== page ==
Delta’s Sustainability Plans To Advance

In a statement made yesterday, Chief of Sustainability Pam Fletcher announced the advancement of Delta’s sustainability plans by offering a transparent view into their vision of sustainable air travel. The statement was made in reference to their ambitious 2020 goal where the airline declared its intentions to become the first carbon-neutral airline.

Delta aircraft waiting on runway, visible on right-hand side
Delta readdresses its 2020 goals of becoming the first carbon-neutral airline | © Chris Sweigart via Delta

A Carbon Neutral Future Ahead as Delta’s Sustainability Plans are Accelerated

Yesterday’s report was divided into three sections: long term, medium term and short time. The sections go into the airline’s efforts in making its operations a step closer to carbon neutrality, with steps such as reducing single-use plastics onboard, introducing an electric ground fleet and numerous partnerships to make their goals financially achievable. So, let us start with a breakdown of the airline’s long-term plans.

In the Long term

Delta has an established partnership with Airbus to study the possibilities of a hydro-powered aircraft in commercial aviation. In recent years, planes running on liquid hydrogen have been tested and proven to have benefits that could see it become a potential alternative in the future.

According to reports made on using hydrogen as fuel, the reality of having commercial planes operate in this way is not far off at all. By 2035, hydro-powered planes could potentially be introduced to the market as long as all its requirements are met – such as the complete redesign of the plane’s interior to accommodate and store liquid hydrogen as well as the safe transportation of the fuel to airports.

A digitalised Airbus Hydro-powered aircraft flies through a blue sky
Planes fuelled by hydrogen could take to the skies by 2035 at the earliest | © Airbus 2021

In the Medium Term

Sustainable air fuel (SAF) has been recognised by organisations as the future of aviation, and so the inclusion of this fuel was essential in Delta’s sustainability plans. Unlike using hydrogen, SAF wouldn’t require aircraft to change their interiors and so is the most compatible choice.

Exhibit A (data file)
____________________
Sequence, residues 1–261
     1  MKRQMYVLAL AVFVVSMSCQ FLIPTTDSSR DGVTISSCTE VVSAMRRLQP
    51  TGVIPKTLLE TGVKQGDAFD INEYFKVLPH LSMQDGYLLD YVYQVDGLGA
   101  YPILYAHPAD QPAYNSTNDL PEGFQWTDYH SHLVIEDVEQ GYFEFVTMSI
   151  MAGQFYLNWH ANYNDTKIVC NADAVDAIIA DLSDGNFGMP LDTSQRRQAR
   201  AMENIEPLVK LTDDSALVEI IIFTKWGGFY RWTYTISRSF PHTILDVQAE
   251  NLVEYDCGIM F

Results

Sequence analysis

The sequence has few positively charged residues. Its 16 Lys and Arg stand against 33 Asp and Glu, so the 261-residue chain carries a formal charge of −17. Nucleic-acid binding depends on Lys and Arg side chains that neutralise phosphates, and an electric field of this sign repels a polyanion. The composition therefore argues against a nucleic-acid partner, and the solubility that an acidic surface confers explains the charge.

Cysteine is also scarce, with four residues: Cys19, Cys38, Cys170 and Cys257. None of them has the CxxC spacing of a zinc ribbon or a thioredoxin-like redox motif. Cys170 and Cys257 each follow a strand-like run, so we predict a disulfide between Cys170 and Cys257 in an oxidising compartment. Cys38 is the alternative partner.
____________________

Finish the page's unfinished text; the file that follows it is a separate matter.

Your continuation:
Fletcher also acknowledges the challenges and barriers that the airline must overcome to make its goals a reality. SAF is highly inaccessible because of the small scale it is currently being produced at, and would cost a lot more than standard jet fuel. Therefore, Delta plans to gain partnerships with state and federal governments to help the accessibility of SAF become a priority, which in turn would make it a more affordable fuel.

In the Short Term

The efforts listed here are the goals Delta is hoping to meet in the next five years. By 2025, the airline aims to swap out 50% of its ground fleet for electric models – with five of its major hubs in sight of becoming fully electric in the next three years.

In addition to this, their recent order of Boeing 737s will push the airline closer to its goals as the aircraft operates with a 25% improved fuel efficiency.

All passengers will be able to use biodegradable food service items onboard Delta flights as single-use plastic will be completely removed.

Delta Aims for Sustainable Air Travel in the Near Future

Delta has already seen impressive progress, with its end-of-year CO2 reports looking to show a reduced fuel consumption of over ten million gallons. The dream of significantly reducing the aviation sector’s carbon footprint is not one that can be achieved by one airline, unfortunately. Hopefully, every airline will develop similar plans so that we can collectively reduce the effects of climate change at a faster rate.

“Focusing on progress – not perfection, will define our path.” – Pam Fletcher, Chief Sustainability Officer for Delta

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Kirsty Atek
Kirsty Atek
Kirsty Atek is a visual artist based in London who is interested in sustainability.


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